Paleofuturism: The History of the Future from the Past

This long and brilliantly illustrated article was written by John O’Brien for Educause Review. I could not do justice to it if I tried to summarize it in a couple of sentences, so I’ll just mention a couple of things that piqued my interest. O’Brien says that it is important to understand the past, and thinking about the future is fundamentally human, but it is still more fascinating to think about “the road pointing back to where you were, the road pointing ahead to where you’re going, and the moment at the crossroads contemplating both.” I learned a new term from this article: “paleofuture.” It refers to concentrating on representations of the future in the past. He doesn’t mention the novels of Jules Verne, but this is a good place to look. One of the many illustrations in the article shows a house maid using a mechanical floor scrubbing device that has a broom and a sponge attache to it. Someone made this illustrated card in 1899, about one hundred years before the Roomba was developed. Please read and enjoy this interesting article for yourself.

Digital Distraction in the Classroom or Learning Opportunity?

A graduate assistant teacher of paleontology at the University of Michigan kept a written record of what she had seen on the screens of her students’ digital devices in the classroom and created a PowerPoint presentation of them. Many instructors find creative ways to let students use their cell phones and tablets in the classroom. A good example is free polling apps. Here a list of apps for teaching students about paleontology and dinosaurs.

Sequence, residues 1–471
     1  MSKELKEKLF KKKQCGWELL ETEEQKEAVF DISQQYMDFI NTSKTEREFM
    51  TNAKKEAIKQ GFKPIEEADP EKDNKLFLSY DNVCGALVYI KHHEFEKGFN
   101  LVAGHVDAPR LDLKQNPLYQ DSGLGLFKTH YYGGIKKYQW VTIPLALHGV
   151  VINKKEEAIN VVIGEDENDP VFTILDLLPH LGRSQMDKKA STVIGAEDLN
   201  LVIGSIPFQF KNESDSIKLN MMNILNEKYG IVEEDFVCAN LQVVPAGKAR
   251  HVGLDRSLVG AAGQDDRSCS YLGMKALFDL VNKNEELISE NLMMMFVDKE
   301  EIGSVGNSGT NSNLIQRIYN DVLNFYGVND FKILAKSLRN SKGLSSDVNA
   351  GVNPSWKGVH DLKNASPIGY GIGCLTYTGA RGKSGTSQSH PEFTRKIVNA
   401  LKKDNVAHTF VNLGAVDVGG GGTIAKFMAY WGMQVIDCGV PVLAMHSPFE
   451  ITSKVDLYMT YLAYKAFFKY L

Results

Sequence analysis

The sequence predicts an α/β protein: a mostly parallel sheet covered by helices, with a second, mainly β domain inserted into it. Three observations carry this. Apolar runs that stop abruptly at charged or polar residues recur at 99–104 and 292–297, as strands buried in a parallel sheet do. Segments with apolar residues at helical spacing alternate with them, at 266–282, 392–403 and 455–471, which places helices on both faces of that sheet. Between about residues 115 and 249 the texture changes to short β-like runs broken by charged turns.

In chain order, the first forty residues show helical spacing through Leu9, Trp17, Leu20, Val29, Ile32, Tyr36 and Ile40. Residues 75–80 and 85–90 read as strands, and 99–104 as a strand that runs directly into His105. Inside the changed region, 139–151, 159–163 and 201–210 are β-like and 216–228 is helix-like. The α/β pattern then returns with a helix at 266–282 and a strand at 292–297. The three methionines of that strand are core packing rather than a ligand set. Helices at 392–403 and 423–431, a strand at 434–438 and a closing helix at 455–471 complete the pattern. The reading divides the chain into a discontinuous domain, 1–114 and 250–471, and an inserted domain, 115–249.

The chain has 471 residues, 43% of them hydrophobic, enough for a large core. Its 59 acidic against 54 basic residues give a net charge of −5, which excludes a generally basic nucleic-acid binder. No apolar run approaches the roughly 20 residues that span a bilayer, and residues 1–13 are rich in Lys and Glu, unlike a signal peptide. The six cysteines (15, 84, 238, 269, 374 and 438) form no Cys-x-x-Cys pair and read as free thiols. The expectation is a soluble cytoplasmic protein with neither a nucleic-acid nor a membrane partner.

Apps like these could let her students use their devices in the classroom and would be a lot more interesting than making her students listen to a lecture about the Mesozoic era.

Learn in Your “Micro-Moments” with MIT’s WaitSuite Apps

MIT’s Computer Science and Artificial Intelligence Laboratory has developed a suite of apps that let you learn while you are between floors on an elevator, waiting for a WiFi network to connect, or whatever. The WaitChatter instant messaging app will keep you on track, teaching you words in a foreign language related to the conversation you are having, while the Elevator Learning app will send you words to translate while your are waiting for an elevator to arrive. The team that developed the app claims that users learned about 57 new words in just over two weeks.

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Oh The Horror, The Horror – A Day on Campus without Screens

Joshua Kim reports on what your day on campus might be like if you had access to no devices with screens – on laptop or desktop computer, no cell phone, no tablet. As Kurtz famously said at the end of Conrad’s Heart of Darkness, “Oh the horror, the horror.”

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